Safety Plans, Audit on the Way as Local Leaders Take Action in Wake of HHS Gun Incident, Student Arrest

(File photograph)

In the wake of July 29’s arrest of a Haverhill High sophomore for allegedly bringing a gun onto campus, Mayor James J. Fiorentini and local leaders are taking action, starting with Tuesday night’s City Council meeting.

Principal Glenn Burns (left) and Mayor James J. Fiorentini toured Haverhill High School on July 30, 2019. (Courtesy photograph)

At that session, Fiorentini and Haverhill Public Schools Superintendent Margaret Marotta plan to outline existing school security measures and detail plans to hire an outside security firm to complete an audit of Haverhill High School. Plans for that audit were already underway prior to last Monday, when a 16-year-old allegedly brought a gun into a summer school session attended by hundreds of other students before being arrested off-campus.

Fiorentini said a teacher and security guards spotted the teen with the weapon before he fled the Monument Street campus. He allegedly tossed it before he Haverhill Police caught up with him on Broadway. The gun has not yet been found, the mayor said.

Fiorentini looks forward to continuing the conversation about school safety on Tuesday night. “No child should ever be in fear in our schools. With the most recent horrific national events, we need to be certain we are taking every and all precautions and measures recommended by police and security professionals,” he said.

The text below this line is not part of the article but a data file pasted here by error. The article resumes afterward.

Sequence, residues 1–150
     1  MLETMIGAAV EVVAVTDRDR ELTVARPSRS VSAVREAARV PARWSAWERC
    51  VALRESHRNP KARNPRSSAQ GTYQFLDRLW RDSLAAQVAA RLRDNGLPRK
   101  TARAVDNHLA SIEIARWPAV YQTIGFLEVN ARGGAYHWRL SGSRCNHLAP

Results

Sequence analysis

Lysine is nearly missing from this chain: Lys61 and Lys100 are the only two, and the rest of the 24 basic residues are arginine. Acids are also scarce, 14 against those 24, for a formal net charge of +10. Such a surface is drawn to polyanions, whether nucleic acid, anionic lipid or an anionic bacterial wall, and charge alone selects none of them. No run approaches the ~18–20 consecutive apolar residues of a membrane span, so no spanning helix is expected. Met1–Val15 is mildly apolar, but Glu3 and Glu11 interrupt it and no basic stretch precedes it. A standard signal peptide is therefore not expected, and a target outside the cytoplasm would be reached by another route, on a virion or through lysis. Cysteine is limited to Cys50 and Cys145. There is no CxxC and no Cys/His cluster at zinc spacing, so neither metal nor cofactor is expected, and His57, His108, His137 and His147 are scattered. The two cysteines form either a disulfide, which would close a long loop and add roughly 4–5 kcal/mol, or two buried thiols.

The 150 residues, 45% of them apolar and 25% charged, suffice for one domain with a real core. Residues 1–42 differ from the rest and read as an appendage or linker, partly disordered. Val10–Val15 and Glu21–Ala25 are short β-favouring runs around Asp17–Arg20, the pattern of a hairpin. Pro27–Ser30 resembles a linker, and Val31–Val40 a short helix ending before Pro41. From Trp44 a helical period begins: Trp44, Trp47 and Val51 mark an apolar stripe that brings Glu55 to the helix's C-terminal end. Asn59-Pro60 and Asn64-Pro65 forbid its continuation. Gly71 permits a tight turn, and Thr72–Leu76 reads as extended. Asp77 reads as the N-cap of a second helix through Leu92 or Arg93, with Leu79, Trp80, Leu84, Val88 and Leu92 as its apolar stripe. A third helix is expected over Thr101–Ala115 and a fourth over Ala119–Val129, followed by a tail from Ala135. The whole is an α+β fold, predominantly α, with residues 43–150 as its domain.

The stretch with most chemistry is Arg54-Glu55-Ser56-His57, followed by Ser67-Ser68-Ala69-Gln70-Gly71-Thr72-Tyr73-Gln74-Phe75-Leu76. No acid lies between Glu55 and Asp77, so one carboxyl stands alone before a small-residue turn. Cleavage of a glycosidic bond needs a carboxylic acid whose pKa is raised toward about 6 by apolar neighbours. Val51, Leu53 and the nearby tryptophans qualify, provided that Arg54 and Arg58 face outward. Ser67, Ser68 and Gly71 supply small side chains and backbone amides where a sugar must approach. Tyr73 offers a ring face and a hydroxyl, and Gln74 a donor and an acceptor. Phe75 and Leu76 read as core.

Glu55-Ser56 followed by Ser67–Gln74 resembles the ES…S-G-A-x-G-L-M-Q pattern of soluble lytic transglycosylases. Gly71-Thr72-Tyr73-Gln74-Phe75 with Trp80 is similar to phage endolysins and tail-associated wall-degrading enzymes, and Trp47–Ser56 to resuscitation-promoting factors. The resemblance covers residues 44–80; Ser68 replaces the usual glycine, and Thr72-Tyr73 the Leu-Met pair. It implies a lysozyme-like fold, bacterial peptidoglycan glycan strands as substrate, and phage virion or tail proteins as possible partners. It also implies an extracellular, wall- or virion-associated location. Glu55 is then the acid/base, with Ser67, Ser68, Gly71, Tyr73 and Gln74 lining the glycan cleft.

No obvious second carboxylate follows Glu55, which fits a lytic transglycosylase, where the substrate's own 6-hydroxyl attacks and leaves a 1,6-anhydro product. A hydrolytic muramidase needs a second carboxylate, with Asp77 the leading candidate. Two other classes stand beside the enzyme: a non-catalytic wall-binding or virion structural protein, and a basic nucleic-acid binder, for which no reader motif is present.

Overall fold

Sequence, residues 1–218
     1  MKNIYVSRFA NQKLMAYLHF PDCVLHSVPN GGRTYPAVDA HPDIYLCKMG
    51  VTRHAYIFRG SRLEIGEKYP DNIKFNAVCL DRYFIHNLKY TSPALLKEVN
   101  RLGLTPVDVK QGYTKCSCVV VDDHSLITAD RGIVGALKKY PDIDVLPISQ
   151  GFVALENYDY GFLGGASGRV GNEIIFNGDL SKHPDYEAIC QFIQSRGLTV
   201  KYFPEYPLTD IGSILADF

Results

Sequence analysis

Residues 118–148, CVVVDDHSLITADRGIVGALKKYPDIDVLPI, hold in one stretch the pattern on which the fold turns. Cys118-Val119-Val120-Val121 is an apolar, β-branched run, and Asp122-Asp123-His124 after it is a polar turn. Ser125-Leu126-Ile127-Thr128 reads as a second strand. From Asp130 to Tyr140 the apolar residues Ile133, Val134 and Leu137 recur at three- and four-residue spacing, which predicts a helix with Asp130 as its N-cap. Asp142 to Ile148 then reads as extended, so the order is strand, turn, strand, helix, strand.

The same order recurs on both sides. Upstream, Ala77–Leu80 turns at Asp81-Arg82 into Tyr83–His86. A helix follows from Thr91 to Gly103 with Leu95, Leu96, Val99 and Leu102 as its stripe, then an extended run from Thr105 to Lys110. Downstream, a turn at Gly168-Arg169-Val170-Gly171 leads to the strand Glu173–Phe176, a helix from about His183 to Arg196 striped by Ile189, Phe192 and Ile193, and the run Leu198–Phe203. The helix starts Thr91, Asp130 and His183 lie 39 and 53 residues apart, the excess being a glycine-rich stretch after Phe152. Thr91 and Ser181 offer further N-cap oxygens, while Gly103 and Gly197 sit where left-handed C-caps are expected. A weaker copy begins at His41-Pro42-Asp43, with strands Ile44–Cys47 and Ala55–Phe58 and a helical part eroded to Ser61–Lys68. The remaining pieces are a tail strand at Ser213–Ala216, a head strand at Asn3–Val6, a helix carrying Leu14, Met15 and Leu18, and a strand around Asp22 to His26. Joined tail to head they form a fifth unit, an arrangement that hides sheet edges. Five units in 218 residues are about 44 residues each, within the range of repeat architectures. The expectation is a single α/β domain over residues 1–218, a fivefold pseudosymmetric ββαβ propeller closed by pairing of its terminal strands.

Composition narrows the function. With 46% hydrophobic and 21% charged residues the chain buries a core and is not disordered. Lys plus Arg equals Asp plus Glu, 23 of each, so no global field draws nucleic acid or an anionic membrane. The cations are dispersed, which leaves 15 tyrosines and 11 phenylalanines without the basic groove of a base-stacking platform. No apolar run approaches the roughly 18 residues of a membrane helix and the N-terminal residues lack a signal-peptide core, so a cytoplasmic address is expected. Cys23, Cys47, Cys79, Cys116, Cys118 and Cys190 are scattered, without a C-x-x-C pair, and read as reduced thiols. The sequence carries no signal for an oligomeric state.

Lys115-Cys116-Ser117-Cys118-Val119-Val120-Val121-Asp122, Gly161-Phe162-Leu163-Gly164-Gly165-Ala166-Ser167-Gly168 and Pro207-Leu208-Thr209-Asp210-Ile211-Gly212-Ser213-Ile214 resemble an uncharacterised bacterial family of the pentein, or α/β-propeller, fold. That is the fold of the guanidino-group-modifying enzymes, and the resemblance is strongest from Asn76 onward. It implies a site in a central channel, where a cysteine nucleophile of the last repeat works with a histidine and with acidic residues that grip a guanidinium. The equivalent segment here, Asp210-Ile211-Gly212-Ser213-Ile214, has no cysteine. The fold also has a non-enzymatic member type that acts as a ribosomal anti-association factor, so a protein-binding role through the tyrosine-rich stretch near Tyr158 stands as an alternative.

That already in-progress review involves a police officer making sure that each school is secure and that each building’s security protocols are up to date, Fiorentini said.

On Wednesday morning, School Committee member Scott W. Wood Jr. has called an emergency meeting of that board’s safety subcommittee to further discuss security measures at Haverhill High.

The chairman of that subcommittee, Wood tells WHAV he’ll be joined by colleague Gail M. Sullivan, Marotta and Haverhill Police Chief Alan R. DeNaro for the 8:45 a.m. City Hall session, which is open to the public. At that time, Wood plans to push for what he calls a “comprehensive” audit of all Haverhill school buildings, starting with the high school. Wood first proposed the idea of doing a top-to-bottom assessment of all building elements, like what Fiorentini plans to present on Tuesday, during a 2018 School Committee meeting.

Calling ideas like metal detectors and posted security guards a “piece of the puzzle,” Wood said a more formalized assessment is a must. Recently named to the School Safety Advocacy Council Advisory Board, Wood told WHAV he intends to lean on that group, which includes Methuen’s Chief Joseph Solomon, Sarasota, Fla., County School District Police Chief Timothy Enos and Nevada’s Clark County Police Chief James Ketsaa, for suggestions should the School Committee agree to fund an assessment.

The teen at the center of the controversy was arraigned last week in Lawrence Juvenile Court, charged with carrying a firearm without a license, trespassing, carrying a dangerous weapon on school grounds and possession of a Class E drug, District Attorney Jonathan W. Blodgett’s spokeswoman Carrie Kimball said. While Kimball did not specify the type of drug involved, class E drugs may include codeine, Percocet, Adderall or anti-anxiety drugs, for example.

Fiorentini said the juvenile is not being allowed back into Haverhill High. Summer school has concluded, with the new school year scheduled to resume on Aug. 27.

Comments are closed.